I've been avoiding thinking about cooperative education.
After my first day of basking in the glow of its concept, I spoke with my husband about it--my realistic, down-to-earth husband. I don't even remember what he said, but after that, my glow had burned down to a low fizzle. Teacher Tom, after receiving many comments from others also realizing that this type of education had been staring them in the face all this time as well, began a week long special all about coops. I read them along with everyone else, but could no longer get excited. It wasn't until the last day when I was finally able to (almost) put my thoughts into words. Tom asked if there were still questions to be answered and I finally choked this out,
I love the community that evolves from a cooperative school, but I'm concerned about teaching students that don't already have parents that are that engaged in their children's learning and future. How could I create a cooperative-like atmosphere when a full-fledged cooperative school isn't appropriate? I'll do my best to engage parents at whatever school I'm at, but what about parents that can't come into class to help? Or parents that can't pay the tuition for a cooperative school (I know yours is cheap, but I expect getting costs low is a difficult task that not everyone has the skills to do).
I guess what I'm trying to ask is, how do I get my low-income students into the wonderful atmosphere a cooperative school creates?
Someone else must have asked the same question. In his next post, he referenced the question and someone else's name. (Which is good because I just realized when I went to find my comment that I placed it on the wrong post. So there's a possibility he didn't even see it.) His full response can be found here, as it's too long to quote in its entirety, but the most important part of the answer was,
I'm only half joking when I suggest that instead of putting money into things like high stakes testing, new buildings and text books, or getting teachers competing against one another for bonuses, we might want to consider paying these poor parents to get involved with their kid's school. That's what the research seems to indicate will make the most difference.
(He goes on in an elaborated follow up post here.)
You know, one of the reasons I got into education was to make a difference in the world. The biggest difference. The greatest impact. The students whose parents love them enough to send them to an alternative preschool and go into the classroom to work once a week? They're already guaranteed to get a great education whether I'm involved with them or not. The kids that concern me live with their single parent who works three jobs and is too tired when she comes home to cook anything more than macaroni or read a bedtime story. Those are the ones that need me the most.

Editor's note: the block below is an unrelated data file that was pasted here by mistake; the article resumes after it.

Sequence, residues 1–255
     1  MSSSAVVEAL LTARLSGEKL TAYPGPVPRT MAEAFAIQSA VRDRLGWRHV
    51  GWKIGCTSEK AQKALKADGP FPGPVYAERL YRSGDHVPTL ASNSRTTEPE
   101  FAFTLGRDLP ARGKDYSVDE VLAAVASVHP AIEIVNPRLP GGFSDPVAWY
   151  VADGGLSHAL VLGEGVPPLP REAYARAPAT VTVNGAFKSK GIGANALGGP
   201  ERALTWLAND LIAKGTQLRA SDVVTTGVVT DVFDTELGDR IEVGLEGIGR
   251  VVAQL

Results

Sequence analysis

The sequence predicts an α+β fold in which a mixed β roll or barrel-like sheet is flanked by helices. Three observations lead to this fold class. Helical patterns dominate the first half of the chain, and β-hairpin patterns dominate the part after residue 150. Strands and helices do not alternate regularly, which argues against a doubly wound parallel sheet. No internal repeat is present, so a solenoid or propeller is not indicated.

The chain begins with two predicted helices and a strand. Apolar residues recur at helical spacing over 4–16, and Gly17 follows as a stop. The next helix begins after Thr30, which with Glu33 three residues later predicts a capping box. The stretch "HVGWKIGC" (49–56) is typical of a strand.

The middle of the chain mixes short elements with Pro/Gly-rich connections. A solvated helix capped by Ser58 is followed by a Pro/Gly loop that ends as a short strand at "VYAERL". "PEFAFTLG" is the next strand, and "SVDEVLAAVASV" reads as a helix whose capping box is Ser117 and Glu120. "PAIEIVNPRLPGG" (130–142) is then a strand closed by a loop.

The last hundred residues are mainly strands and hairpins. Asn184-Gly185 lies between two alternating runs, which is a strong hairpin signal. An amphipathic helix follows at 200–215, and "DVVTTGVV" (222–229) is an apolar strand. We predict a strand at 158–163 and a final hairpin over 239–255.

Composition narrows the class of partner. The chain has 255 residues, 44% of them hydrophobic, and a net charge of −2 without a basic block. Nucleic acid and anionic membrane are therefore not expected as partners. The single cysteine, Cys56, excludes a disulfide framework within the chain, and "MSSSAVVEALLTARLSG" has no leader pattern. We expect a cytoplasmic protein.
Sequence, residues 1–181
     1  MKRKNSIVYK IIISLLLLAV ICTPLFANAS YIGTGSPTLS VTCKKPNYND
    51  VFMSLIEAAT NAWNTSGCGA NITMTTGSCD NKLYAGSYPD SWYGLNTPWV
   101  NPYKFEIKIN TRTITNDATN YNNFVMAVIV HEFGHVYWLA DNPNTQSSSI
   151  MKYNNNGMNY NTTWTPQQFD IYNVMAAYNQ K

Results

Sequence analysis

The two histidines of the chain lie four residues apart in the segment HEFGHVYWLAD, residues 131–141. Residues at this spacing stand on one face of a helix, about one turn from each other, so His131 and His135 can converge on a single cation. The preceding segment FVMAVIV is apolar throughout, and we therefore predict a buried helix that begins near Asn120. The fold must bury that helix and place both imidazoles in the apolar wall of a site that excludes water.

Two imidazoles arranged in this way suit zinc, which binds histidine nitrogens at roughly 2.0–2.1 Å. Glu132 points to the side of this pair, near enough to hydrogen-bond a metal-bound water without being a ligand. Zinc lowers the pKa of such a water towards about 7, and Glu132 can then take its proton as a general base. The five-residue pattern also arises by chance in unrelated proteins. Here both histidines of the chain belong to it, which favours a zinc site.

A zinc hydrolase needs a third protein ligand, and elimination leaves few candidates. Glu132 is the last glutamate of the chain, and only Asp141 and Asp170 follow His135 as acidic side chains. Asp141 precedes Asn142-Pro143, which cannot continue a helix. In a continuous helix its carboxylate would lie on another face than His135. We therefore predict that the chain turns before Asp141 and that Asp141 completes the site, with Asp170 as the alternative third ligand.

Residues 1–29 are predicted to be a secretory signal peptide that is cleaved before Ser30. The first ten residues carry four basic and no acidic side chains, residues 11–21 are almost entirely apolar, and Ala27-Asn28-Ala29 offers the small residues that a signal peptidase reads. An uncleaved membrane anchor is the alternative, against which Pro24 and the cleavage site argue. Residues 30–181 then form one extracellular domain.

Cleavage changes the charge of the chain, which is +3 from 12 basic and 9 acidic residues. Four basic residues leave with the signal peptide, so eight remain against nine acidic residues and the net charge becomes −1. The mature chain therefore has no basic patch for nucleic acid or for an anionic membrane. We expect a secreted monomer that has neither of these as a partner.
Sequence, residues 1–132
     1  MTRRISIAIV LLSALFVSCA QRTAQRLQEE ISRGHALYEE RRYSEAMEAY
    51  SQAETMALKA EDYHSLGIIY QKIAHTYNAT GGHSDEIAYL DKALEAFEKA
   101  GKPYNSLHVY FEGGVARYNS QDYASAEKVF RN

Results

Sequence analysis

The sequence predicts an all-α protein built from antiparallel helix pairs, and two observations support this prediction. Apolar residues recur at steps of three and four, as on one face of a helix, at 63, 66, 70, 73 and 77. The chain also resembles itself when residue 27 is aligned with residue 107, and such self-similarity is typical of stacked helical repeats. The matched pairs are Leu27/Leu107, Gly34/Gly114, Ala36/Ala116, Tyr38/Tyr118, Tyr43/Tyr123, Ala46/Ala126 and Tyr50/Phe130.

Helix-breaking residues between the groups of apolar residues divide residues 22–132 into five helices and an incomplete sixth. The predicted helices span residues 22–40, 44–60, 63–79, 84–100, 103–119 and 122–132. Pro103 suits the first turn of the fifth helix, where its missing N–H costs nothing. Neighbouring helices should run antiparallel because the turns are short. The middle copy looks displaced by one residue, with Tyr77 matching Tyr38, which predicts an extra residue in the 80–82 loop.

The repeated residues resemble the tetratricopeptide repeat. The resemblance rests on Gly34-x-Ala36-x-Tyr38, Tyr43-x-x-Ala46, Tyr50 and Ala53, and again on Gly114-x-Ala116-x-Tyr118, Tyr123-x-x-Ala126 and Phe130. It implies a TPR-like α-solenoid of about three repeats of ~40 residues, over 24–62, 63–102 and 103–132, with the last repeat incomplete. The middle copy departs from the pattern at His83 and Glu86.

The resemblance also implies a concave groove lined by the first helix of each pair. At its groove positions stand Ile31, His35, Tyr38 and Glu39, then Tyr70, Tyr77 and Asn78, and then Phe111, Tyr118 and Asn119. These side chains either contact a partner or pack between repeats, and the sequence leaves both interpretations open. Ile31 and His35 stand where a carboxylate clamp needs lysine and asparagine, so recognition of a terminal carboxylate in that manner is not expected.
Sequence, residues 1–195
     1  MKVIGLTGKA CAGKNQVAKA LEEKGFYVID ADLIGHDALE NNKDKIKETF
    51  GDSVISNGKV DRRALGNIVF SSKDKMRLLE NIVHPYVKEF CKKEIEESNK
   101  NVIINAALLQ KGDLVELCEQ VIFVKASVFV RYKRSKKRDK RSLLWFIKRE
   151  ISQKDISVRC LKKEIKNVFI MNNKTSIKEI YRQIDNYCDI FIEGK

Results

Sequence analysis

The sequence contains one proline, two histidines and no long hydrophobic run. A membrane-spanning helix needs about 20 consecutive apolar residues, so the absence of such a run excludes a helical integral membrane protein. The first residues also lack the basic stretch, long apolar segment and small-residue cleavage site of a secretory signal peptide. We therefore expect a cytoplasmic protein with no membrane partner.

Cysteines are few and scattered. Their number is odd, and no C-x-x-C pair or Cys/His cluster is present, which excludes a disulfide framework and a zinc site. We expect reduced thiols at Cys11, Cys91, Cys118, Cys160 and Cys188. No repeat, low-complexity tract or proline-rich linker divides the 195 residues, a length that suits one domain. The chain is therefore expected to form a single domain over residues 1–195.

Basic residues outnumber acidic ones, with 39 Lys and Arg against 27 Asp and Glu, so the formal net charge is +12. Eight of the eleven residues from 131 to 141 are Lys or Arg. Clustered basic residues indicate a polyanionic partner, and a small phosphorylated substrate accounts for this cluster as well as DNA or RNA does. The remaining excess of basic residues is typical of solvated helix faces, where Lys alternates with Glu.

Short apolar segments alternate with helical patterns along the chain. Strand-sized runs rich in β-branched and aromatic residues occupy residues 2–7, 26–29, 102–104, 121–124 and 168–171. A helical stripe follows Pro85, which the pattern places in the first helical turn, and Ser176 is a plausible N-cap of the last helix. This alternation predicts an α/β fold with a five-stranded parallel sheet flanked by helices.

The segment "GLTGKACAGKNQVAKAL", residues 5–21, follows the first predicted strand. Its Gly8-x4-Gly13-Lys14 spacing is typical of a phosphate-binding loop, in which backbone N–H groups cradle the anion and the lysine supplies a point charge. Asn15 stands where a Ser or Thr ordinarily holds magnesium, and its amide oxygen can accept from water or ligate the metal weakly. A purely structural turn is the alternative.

So to my question, "How can I make cooperative education work for students in low socioeconomic standing?" I'm pretty sure the answer is, "You can't."
And that's why I've been avoiding thinking about it.
It's a wonderful model, especially for today's world of parents who are choosing to stay home with their young children, homeschooling them, providing them local and organic diets, and keeping them away from anything plastic or corporate-made. Not that there's anything wrong with this type of parenting--honestly, it's how I see myself parenting when the time comes--but it's a luxury choice that the middle-class have. It's simply not an option for a lot of families in the United States at this time.
It's a wonderful model, but I no longer see myself getting involved in it. I'm thrilled to hear that it exists, and I loved learning about it. I wish everyone involved in cooperative education the most sincere best of luck.
Now, like Tom suggested, if we could only rearrange some government spending to pay the parents of those inner city children to come into the classroom instead of picking up an extra job...
To learn more about cooperative education, read Teacher Tom's Cooperative Nuts and Bolts series:
Part 1, Part 2, Part 3, Part 4, and Part 5
Also of interest is Montessori Candy, a blog about a cooperative Catholic Montessori preschool. Here is a list of their posts with the Coop tag.
Just a note, October is Coop month.